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Hostile territory

Published May 13, 2004

Let's see, the Lightning and Flyers fought their way through the last 10 minutes of Game 2. Tampa Bay coach John Tortorella told Philadelphia coach Ken Hitchcock to shut up, and Flyers GM Bob Clarke called Tortorella a "pathetic little man."

Do you think the Wachovia Center crowd is going to be ready?

"You've got to go in there with the attitude that you're not intimidated," Lightning captain Dave Andreychuk said. "We saw what happened in Montreal. We got off to good starts in those games and quieted the crowd. We have to do that in Philly. It's not going to be easy. It's fun. It's exciting."

"For sure it will be a loud building," center Vinny Lecavalier said. "They'll be screaming. It's part of the game. It's a tough building to play in but we're ready."

Lecavalier said a hostile atmosphere doesn't just work for the home team.

"Even though you are the away team, you get so motivated," he said. "It brings the intensity level up. I'm excited to go to Philly.

"We're not going there to win one out of two. We want to win both of them. We want to be up (three games to one), and we'll do what we have to get them."

Steady as she goes

The Lightning's best trait this season seems to be its ability to stay even-keel. It doesn't get full of itself after victories, nor does it beat itself up after losses.

Center Brad Richards said Tampa Bay might have been a tad swept away with itself after winning eight consecutive games and taking a 1-0 lead against the Flyers.

"So maybe it's good we got beat like that," he said.

Tampa Bay, though, isn't down in the dumps and won't make the mistake again of being overconfident.

"That's an important thing when you go through the playoffs," Tortorella said. "There are some things that go on - some good stuff when you can't get too high and then you face a little adversity when things don't go your way."

Tortorella's negative comments about Hitchcock and Clarke hardly seem like even-keel, but he said his team is mentally prepared for Game 3. And, his comments about the coach and GM notwithstanding, he is impressed with Philadelphia. That is the reason he isn't tearing up the game plan two games into the series.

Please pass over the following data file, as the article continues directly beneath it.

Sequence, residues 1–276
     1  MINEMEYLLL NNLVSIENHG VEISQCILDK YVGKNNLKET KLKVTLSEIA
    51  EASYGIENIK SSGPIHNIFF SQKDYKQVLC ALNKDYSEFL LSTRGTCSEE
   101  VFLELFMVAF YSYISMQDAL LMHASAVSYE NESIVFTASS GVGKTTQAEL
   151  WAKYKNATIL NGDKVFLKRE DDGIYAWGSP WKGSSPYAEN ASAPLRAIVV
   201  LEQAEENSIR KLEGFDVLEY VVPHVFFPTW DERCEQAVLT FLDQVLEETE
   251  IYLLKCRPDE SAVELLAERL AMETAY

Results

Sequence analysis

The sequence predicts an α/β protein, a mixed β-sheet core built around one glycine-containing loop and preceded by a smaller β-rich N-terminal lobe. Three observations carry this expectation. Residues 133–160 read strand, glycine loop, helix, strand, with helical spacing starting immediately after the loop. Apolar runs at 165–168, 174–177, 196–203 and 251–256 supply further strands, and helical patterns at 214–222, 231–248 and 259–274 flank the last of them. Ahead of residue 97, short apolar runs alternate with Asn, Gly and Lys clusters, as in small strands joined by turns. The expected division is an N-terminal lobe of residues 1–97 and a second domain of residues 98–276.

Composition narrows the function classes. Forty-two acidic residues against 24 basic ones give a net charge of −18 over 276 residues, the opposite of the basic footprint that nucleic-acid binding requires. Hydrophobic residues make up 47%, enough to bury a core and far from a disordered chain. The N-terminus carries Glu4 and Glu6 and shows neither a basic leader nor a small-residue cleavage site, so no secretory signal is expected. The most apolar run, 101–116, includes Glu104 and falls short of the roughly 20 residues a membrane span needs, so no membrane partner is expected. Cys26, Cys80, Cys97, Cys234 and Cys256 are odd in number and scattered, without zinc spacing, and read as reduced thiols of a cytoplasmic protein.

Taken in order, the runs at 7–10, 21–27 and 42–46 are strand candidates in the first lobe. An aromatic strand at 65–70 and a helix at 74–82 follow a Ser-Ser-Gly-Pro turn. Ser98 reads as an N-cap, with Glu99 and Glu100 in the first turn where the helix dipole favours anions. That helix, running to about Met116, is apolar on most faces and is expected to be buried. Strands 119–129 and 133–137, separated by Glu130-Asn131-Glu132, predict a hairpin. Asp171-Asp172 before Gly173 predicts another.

"I don't buy all this rhetoric about adjustment this, adjustment that," Tortorella said. "Philly is a quality team. They played harder. They did a lot of little things right that win a game and we didn't. We had a bad game. Now it's done.

So much for playing nice

Someone asked Tortorella if he regretted the last 10 minutes of Game 2 because to some "sending a message ... is not very becoming to the game."

Tortorella laughed.

"To be honest with you I'm not really concerned with what people think is becoming to the game," he said. "When you play a seven-game series and the score is the way it is, I think you need to get involved.

"That stuff is part of hockey. To me it's no big deal. I don't think it really got out of hand. Maybe more of it would have been better for our club."

Cause and effect

It wasn't difficult for Hitchcock to explain why his team won Game 2. First there was a change of mind-set.

"Sometimes when you play a team like Tampa, you want to play conservative," he said. "We want to go the other way. We want to play with some risk. We want to take chances, and hopefully it'll pay off. It did. Our thought process changed a little bit. We couldn't continue to play the same way we were because we weren't able to get enough goals."

And speaking of that ...

"The difference in the two games, frankly, was that we were able to score on our odd-man rushes in Game 2, and we didn't score in Game 1," Hitchcock said. "We did an awful lot of things really well in both games, so if we can continue to build on that, those are good things. To be honest with you, we're playing pretty well."

Ask a silly question

A television reporter asked Lightning goalie Nikolai Khabibulin if he wanted to "bounce back" from his Game 2 performance when he was pulled after 26 minutes and four goals.

Khabibulin paused, smiled and said, "Uh, yes."


But Khabibulin did take his share of the blame for the 6-2 loss.

"I didn't have the best game," Khabibulin said. "The first shot ( John LeClair's goal less than two minutes in) I should've stopped. That started things."

It started the end of Tampa Bay's eight-game win streak.

"The good thing is, no matter what the score was, it was just one game," Khabibulin said. "We didn't play well, but it's over. Now we just have to get ready for the next game."

Leaving on a jet plane

With sweat still glistening on his forehead after the Game 2 loss, Andreychuk was ready to jump on a plane, fly to Philadelphia and start Game 3.

Right then.

That's how maddening the loss was for Tampa Bay. And that's how eager the Lightning is to purge that dreadful performance from its system.

"I think we can learn from what happened in the first period, but the bottom line is we lost the game," Andreychuk said. "If we had lost 9-0 or 1-0 in overtime, still, it's a loss and we're going to move on from there. That's the thing with the playoffs, no matter how bad you lose, it's only one game and the series is 1-1."

The Flyers jumped on Tampa Bay for three quick goals on Monday, one even strength, one power play and one short-handed.

Fight club

Lightning defenseman Dan Boyle said the fisticuffs that characterized the third period of Game 2 - two major scrums resulted in 64 penalty minutes for Tampa Bay, including four 10-minute misconducts - can be good for team unity.

"That's where a team comes together sometimes," Boyle said. "I don't want to say you need one of those games, but once in a while those types of things are good. The guys show each other that we've got each other's backs."

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